Drums and Shadows, by Georgia Writer's Project, , at sacred-texts.com
A winding tree-shaded dirt road leads from Darien up the Altamaha to the Negro community of Possum Point. The freshets in the section rise in the rainy season and the road is often flooded. On either side the trees are mirrored in the shallow water which surrounds them. In the spring against the fresh green of the trees and foliage there is the soft color of wild honeysuckle and Cherokee Rose. Through the thickly-massed trees the sun filters dimly; a misty, unreal atmosphere overhangs the entire scene.
Set back from the roadway are occasional small dwelling places, with boards turned dun-colored from age and exposure. Neatly tended vegetable and flower gardens stretch out to the front and sides of the houses. The owners can be found industriously working in the gardens, sitting on the porches, or gathered in little groups along the road. Here and there small bridges span the road, and at each of these a number of persons are often seen leisurely fishing, their long bamboo poles forming graceful arcs from the bank to the water.
We had been told that Alec Anderson was an old man and one who would be able to enlighten us regarding the beliefs prevalent in that section. We stopped a few times to inquire where he lived. After continuing for several miles, the road turned to the right. It swerved again a short distance later and continued in a narrow, uneven pathway through the woods. This section was but sparsely settled and we glimpsed a cabin only now and then.
At length we came upon a neatly kept house enclosed by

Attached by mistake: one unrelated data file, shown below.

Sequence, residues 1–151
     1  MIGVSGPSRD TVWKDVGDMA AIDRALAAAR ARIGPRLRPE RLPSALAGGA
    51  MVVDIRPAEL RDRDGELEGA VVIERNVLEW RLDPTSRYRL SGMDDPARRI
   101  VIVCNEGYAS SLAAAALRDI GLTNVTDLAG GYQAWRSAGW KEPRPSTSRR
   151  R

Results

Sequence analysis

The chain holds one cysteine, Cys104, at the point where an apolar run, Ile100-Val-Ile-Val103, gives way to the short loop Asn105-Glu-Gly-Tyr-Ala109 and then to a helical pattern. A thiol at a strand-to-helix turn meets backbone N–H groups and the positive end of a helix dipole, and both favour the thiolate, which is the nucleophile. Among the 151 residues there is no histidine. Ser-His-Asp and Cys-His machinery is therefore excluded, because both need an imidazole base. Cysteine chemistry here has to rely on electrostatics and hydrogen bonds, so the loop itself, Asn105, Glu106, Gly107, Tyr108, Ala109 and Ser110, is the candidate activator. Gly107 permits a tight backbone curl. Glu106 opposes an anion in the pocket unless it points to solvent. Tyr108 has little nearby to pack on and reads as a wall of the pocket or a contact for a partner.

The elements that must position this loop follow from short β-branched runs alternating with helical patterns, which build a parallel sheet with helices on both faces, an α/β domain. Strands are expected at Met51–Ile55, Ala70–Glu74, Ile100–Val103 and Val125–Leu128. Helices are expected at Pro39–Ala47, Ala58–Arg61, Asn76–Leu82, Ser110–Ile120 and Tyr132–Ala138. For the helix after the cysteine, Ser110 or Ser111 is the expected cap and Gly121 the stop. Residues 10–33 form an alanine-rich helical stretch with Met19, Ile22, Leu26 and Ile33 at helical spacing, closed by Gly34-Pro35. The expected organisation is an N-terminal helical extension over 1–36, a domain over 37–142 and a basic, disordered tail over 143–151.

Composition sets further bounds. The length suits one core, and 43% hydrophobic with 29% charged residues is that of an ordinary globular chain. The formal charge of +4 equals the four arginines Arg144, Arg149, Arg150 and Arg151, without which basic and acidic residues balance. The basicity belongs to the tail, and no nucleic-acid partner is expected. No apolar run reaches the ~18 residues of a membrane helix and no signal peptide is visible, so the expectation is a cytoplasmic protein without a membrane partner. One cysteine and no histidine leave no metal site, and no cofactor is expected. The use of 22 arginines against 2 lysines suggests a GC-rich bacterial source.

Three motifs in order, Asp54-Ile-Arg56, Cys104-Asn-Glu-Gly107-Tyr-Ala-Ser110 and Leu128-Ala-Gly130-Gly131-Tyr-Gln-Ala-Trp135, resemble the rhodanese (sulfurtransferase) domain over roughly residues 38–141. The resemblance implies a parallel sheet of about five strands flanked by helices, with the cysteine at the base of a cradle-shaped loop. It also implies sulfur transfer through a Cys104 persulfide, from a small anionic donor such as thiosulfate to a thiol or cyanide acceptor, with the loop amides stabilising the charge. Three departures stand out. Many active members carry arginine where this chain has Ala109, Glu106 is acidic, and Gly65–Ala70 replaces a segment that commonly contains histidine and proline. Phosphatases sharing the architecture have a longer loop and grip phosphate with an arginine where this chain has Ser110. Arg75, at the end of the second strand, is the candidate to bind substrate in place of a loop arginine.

a wire fence set back from the road. In the distance we could see a bent and stocky figure trudging toward us along the road and this we thought might be Alec. At one side of the house was a garden; at the other side the sprawling branches of an old oak tree shaded an iron pump and an ancient black iron pot used for boiling clothes. Chickens scuttled about the yard and a small black puppy, dozing in the sun, awoke at our approach.
On the porch a group of Negroes were seated. A plump, elderly woman, a young girl and two small children watched with interest as we approached.
The older woman was Rachel, 1 Alec Anderson's wife. She scarcely appeared to be the seventy-three years she admitted. Her round good-natured face was framed with a number of tight little gray braids on top of which perched a small brown felt hat. Her green blouse and red skirt were worn but clean and her bare brown feet peeped out from under the voluminous skirt. The younger woman was reticent but friendly, and the two children watched the proceedings with wide-eyed concern.
The man we had noticed walking down the road turned in at the gateway, and as we had surmised this was Alec. 2 He was clad in a pair of faded and torn blue overalls and a battered felt hat. Thick-lensed brown glasses did not entirely hide amiable, intelligent eyes. With profound courtesy the old man greeted us and started in to chat in a pleasant, unselfconscious manner.
"Cose yuh do heah bout cunjuh," he told us. "But I nebuh bodduh much wid dat kine uh ting. Deah's plenty uh folks wut does belieb in it an I hab heah uh strange tings happenin tuh some folks wut hab spells put on um." 15
Here Rachel interrupted. "I alluz bun muh haiah combins cuz das wut mos folks make cunjuh outuh. 10 Ef dey git yuh haiah, yuh hab to do any ting dey wahn yuh tuh."
Alec stated solemnly, "Some folks is alluz sayin dat spirits is bodduhin um. 59 Nebuh hab trouble wid um muhsef."